Worker and Offender Tracking Devices to Reach an Installed Base of 10 Million by 2026

Worker and Offender Tracking Devices to Reach an Installed Base of 10 Million by 2026

People tracking in industrial, enterprise, and institutional markets to experience rapid growth.

Unlike tracking devices that are largely aimed at the consumer market (e.g., child tracking, elderly person tracking, or pet tracking), there are also many use cases for people tracking in industrial, enterprise, and institutional markets. Within the enterprise setting, the two key people tracking market segments are worker monitoring and offender monitoring. With a huge opportunity for growth in these markets, it’s forecasted that collectively there will be an installed base of 10 million worker and offender monitoring devices by 2026, according to a new report from global tech market advisory firm, ABI Research.

Worker monitoring solutions in the enterprise segment cover indoor and outdoor use cases, targeted at understanding the location and other safeguarding features of the person being tracked.

“There are a variety of different industries that can utilize worker and lone worker monitoring, such as construction, healthcare, and social work. Just as there are a variety of industries and needs, there is a vast choice of solutions available for the employer to consider,” says Harriet Sumnall, Research Analyst at ABI Research.

“There are both device (e.g., Abeeway and LONEALERT) and application-based solutions (e.g., Vismo) available for this market, enabling employers to consider all tracking options and choose a solution that is best suited for their employees.”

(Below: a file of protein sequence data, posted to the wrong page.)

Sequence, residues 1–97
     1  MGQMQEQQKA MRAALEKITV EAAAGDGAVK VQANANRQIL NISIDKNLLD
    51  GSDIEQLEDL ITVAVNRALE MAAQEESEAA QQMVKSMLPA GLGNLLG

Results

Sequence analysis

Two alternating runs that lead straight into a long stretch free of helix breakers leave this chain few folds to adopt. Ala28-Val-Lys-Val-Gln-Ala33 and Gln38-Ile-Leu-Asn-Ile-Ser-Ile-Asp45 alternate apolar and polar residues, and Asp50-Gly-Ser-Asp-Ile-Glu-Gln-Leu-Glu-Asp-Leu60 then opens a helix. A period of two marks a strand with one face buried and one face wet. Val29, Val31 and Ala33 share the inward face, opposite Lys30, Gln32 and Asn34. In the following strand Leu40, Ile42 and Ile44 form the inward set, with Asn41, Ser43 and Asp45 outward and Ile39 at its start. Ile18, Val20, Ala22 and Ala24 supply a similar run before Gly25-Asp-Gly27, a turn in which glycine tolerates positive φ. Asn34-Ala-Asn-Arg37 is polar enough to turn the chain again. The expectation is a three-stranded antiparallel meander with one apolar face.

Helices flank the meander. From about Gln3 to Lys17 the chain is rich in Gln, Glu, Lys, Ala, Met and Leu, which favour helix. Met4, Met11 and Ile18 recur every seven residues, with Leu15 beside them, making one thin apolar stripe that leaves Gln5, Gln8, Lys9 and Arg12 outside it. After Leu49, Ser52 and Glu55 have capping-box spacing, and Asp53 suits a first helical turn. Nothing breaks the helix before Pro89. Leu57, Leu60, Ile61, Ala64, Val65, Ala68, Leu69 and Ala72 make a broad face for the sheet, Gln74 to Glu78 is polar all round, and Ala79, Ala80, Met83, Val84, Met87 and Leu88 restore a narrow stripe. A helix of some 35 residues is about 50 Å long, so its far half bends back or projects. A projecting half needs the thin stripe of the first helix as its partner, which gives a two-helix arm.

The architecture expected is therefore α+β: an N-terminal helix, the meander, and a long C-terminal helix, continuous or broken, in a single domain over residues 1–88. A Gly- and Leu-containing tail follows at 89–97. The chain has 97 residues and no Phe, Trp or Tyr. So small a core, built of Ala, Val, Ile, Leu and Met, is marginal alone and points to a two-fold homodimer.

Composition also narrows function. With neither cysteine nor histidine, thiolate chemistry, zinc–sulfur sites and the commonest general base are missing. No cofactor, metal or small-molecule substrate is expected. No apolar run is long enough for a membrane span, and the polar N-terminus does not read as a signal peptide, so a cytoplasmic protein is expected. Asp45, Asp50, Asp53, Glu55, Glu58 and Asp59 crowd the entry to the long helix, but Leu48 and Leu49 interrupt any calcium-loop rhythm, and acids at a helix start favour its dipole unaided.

The offender monitoring market is seeing evolution in hardware design. Instead of the standard ankle bracelets, wristwatches are now another option for tracking and monitoring offenders. Offender monitoring can be used for a variety of different use cases including tracking within the prison, early release, offenders released on bail, and crime scene correlation. The location capabilities enable law enforcement officers to see the whereabouts of those using the solution as well as communicate with offenders for check-ins.

While the pandemic is slowly but surely easing, countries globally have seen an increased number of prisoners released early to prevent overcrowding of the prisons themselves. India and Iran collectively have released more than 160,000 prisoners. Overcrowded prisons cost governments large sums of money. In the United States, it can cost up to US$80,000 per year to house one inmate.

Sumnall concludes:

“Though the cost of offender monitoring is not as significant at the cost to house an offender, minimizing the prison populations will ultimately reduce this cost, which is why governments are pushing for social justice reform, that includes offender monitoring solutions as an alternative to incarceration.”

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